September 19, 2020

France Télécom and its executives, convicted of “moral harassment” in the case of suicides | Economy



The former French telephone monopoly, France Télécom, and some of its former directors have been sentenced on Friday to prison sentences and fines for "moral harassment". His methods for restructuring the company at the end of the last decade were linked to several suicides that occurred at the same time. The ruling can create a precedent that forces large companies to take workers' mental health into account when applying their plans. Didier Lombard, former CEO, as well as his number two and his director of human resources, were sentenced to one year in prison, although after four months they can be released on bail, and a fine of 15,000 euros. Orange, heiress of France Télécom, must pay 75,000 euros.

The events occurred between 2007 and 2010, when France Télécom It had just been privatized and faced a fierce competition of new operators in a context of global technological revolution. Lombard, the number two Louis-Pierre Wenès, and the director of human resources, Olivier Barberot, put in place drastic measures to adapt the company to the new times. Its objective was to force the voluntary departure of 22,000 of the 120,000 workers. The methods to achieve this created an environment of insecurity and anguish that destabilized a good number of employees and led some to take their own lives.

The magistrates ruled from the beginning the charges of "involuntary manslaughter" and "endangering the lives of others," which would have forced a direct relationship between business decisions and suicides. Some statistical analyzes, wielded by the accused, question that the suicide rate in France Télécom during the restructuring period was higher than in other times, and point out that in fact it was lower than the average for the whole of France. The accusation and conviction focused on "moral harassment" organized "on a business scale by its leaders." The French Criminal Code defines moral harassment as the act of “harassing other people with repeated words or behaviors that have as their object or effect a degradation of working conditions that may undermine their rights and dignity, alter their physical or mental health or compromise your professional future. ”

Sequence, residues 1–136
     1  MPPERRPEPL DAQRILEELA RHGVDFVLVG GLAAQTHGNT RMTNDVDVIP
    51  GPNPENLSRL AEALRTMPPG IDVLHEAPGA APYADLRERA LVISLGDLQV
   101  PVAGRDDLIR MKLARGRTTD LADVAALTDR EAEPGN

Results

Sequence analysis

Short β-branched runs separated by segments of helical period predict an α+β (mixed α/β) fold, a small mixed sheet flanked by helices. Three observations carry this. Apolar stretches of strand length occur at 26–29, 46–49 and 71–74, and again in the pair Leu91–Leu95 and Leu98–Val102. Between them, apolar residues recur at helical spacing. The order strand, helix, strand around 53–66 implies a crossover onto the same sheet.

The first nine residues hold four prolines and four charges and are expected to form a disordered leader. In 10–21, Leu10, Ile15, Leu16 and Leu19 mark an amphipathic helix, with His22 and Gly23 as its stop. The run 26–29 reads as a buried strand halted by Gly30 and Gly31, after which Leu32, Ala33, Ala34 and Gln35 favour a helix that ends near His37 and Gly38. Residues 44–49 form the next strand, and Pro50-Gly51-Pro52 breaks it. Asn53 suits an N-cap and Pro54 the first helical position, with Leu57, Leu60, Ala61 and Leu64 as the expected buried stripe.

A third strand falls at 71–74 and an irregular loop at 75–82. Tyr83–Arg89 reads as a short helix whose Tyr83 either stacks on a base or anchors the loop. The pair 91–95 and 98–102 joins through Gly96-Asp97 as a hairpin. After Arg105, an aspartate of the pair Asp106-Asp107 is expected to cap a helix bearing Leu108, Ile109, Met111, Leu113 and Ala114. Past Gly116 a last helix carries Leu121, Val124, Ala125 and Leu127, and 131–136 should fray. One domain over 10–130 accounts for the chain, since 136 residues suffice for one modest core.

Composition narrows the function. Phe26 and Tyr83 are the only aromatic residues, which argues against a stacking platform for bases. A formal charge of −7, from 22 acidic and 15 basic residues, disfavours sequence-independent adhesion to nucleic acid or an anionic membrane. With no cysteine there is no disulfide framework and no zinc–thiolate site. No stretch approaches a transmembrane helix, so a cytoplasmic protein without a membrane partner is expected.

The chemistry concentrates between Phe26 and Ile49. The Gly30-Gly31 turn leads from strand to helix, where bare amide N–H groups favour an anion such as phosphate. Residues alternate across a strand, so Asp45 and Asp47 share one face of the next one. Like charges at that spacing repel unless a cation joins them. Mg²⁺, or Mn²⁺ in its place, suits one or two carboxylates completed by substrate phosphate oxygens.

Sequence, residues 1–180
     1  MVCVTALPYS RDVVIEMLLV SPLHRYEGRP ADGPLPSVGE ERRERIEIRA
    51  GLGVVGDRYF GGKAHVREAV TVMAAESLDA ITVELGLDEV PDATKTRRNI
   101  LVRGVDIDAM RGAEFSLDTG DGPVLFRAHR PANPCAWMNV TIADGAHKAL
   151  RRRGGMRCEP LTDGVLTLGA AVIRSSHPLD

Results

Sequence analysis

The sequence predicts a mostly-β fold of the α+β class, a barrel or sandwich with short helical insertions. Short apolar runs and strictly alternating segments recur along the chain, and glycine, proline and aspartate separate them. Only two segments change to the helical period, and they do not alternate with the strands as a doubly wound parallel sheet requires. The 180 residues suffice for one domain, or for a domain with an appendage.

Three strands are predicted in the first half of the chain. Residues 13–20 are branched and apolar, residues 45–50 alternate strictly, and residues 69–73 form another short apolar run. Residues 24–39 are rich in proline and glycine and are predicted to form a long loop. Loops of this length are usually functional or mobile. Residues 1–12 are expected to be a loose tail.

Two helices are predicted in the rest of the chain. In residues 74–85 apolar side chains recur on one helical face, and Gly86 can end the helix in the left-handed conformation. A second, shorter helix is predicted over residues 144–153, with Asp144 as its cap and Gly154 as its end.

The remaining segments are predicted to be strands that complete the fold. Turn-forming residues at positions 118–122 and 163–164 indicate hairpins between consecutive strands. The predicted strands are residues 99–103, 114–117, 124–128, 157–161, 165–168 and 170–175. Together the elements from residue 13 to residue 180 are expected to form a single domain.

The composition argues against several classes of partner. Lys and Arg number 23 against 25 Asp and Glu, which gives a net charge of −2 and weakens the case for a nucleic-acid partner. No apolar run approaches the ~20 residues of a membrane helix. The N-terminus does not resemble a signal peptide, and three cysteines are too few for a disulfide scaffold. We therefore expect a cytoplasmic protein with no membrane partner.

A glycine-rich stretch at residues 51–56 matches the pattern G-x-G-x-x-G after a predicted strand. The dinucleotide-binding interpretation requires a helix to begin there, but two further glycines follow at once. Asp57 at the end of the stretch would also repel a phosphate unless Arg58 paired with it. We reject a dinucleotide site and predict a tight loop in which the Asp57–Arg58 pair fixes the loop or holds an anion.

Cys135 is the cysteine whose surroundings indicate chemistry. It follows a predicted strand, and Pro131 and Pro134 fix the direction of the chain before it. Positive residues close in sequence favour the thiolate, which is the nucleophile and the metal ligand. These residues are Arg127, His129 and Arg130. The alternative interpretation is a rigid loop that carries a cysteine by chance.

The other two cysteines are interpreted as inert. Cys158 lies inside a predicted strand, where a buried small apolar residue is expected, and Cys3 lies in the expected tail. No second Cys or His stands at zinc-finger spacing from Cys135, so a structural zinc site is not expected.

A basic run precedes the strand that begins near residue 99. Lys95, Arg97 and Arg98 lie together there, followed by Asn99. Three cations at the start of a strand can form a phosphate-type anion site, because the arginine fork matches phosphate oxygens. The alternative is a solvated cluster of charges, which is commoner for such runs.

Of the 39 people recognized as victims in the trial, 19 committed suicide, 12 tried and eight suffered depressions. Although the process covered the period between 2007 and 2010, the conviction focuses only on the years 2007 and 2008. In the trial, held between May and July, testimonies such as Noémie Louvradoux, whose father, a worker at France Télécom, were heard, It was immolated. "My father's death was their objective success," he said. In defense of the accused, spoke the former director of the IMF, Jacques de Larosière. He recalled that at the beginning of the last decade the company "touched the suspension of payments when the internet bubble burst" and that Lombard, CEO between 2005 and 2010, "He literally saved her." "I have never seen such a turn of the situation," he said.

Orange is the first company of the CAC40 – the Paris Stock Exchange – convicted of moral harassment. One of the novelties of the sentence is that the institutional nature of the harassment be recognized. That is, he is no longer a person who harasses another but an entire system oriented towards this end. Lombard, whose lawyers announced that they would appeal the sentence, came to say in 2006: "We will make [personnel] reductions in one way or another, through the window or through the door." In an internal documentary but never broadcast until the trial, he reflected: "The issue is: can we dedicate ourselves to the economic and the human at the same time?" What was judged, too, and what the court condemned, is a certain type of capitalism.

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